Blogging and the Imagined Audience

Blogging and the Imagined Audience

I’ve had a great time engaging in blogging for audience and purpose with my class over the past term and a half. Not least, our communication with NASA Educator Astronaut Barbara Morgan last month. Blogging has proven itself to really bring the world into my classroom and allow the children to engage in meaningful dialogue with an audience that is not necessarily anonymous. Julia Davies (2006: 60) wrote that blogging allows users to share their voice with

#ngconf – A perfect tonic in these troubled times…

I have briefly returned from digital leave to write about the fantastic Northern Grid for Learning Conference (#ngconf) which took place yesterday in Newcastle. I spoke at the conference last year but was even more excited to attend this year as a large proportion of the speakers were folk from Twitter who I have spoken to online over the past two years. My general despair at the state of education and the constant stream of

Productivity: The Notification Culture

The (very) long summer holidays have allowed me to reflect on what has been a very busy and productive year. However, when I think about productivity I feel that my actually productivity has taken a stumble over the past couple of years. While I appear to have had a high output in terms of work completed this year including developing projects at school, completing the first year of my MA and writing my first published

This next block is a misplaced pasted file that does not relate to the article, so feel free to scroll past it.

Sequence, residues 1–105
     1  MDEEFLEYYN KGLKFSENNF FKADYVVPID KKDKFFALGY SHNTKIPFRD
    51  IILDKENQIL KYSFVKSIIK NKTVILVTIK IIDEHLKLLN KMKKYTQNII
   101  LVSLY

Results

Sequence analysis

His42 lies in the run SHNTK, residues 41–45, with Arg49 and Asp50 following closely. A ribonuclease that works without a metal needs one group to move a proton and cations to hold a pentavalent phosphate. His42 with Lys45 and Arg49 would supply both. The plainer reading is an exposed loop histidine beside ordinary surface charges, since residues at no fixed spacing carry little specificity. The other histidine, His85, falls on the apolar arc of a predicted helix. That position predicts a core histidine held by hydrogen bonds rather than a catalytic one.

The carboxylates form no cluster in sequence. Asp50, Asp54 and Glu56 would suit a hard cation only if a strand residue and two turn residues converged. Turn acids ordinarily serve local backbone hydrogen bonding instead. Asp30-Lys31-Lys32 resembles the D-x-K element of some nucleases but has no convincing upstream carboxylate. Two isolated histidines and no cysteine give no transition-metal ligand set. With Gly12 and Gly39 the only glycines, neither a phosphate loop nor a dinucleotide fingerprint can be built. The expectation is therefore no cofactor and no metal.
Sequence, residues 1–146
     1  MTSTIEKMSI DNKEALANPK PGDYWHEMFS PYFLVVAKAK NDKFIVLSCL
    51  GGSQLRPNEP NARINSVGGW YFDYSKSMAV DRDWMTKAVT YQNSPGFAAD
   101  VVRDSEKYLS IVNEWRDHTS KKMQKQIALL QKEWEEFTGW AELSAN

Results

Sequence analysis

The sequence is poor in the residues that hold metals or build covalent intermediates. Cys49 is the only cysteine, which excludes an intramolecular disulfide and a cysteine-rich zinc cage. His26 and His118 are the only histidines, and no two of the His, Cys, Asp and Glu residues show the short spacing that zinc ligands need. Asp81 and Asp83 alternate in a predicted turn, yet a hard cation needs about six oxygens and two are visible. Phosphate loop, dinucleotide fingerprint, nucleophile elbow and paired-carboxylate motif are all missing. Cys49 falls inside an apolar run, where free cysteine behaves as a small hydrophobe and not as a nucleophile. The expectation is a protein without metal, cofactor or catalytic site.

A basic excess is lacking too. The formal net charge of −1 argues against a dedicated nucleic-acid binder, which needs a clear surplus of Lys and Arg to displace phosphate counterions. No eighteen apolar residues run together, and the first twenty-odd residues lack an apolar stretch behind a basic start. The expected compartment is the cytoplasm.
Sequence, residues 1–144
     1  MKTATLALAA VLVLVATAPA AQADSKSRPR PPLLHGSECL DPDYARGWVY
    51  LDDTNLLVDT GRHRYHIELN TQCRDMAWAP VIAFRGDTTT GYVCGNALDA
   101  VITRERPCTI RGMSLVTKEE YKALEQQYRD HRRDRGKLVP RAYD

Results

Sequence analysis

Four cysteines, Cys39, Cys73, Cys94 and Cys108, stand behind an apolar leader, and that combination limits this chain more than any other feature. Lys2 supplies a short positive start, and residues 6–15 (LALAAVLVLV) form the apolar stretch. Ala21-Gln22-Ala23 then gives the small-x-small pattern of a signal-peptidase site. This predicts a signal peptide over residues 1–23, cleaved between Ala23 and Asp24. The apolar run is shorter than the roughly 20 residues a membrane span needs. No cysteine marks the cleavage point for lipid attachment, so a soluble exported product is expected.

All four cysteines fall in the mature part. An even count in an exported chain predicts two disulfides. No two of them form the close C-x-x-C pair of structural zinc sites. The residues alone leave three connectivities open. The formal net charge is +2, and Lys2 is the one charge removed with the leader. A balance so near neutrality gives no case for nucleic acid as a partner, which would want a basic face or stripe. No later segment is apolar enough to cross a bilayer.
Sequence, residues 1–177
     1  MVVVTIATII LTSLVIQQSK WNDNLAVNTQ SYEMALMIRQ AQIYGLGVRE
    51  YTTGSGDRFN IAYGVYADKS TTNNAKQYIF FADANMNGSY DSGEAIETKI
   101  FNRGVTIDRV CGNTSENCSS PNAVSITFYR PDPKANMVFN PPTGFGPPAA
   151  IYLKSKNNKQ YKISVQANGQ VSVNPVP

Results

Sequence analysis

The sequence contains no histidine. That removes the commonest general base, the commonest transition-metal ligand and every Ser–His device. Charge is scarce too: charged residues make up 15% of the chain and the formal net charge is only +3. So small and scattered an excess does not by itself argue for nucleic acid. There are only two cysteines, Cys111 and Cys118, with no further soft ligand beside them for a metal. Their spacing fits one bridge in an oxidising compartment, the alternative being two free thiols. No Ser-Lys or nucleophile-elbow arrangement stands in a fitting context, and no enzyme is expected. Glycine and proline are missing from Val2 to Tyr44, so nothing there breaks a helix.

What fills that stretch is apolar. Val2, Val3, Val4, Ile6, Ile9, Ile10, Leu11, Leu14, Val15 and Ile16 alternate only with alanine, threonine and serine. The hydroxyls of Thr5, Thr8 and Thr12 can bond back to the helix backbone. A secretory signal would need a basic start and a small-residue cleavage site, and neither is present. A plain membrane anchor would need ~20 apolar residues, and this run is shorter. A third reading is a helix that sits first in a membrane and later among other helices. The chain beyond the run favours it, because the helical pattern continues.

Google Teacher Academy UK – A New Literacies Perspective

When I first started my career in education I considered myself a technologist. I was interested in anything digital and used technology in my everyday life. I also loved teaching ICT. However as my time in the classroom and my increasing research work moved on I became more focused on the literacy-based view of technology and in particular the work of New Literacies Studies (Street, 1997; Pahl and Rowsell, 2005), Multiliteracies (New London Group, 1996)

A developing storm…

I have always criticised the current government for the introduction of the National Literacy Strategy in Primary Schools and it’s narrow conception of literacy in society. I have always felt (and I’m not alone) that it reflected a certain ‘tradition’ of literacy and failed to adapt towards changing times. In 2006 I was pleased that the framework was renewed with a greater emphasis on speaking, listening and multimodality. Even aspects of film began to creep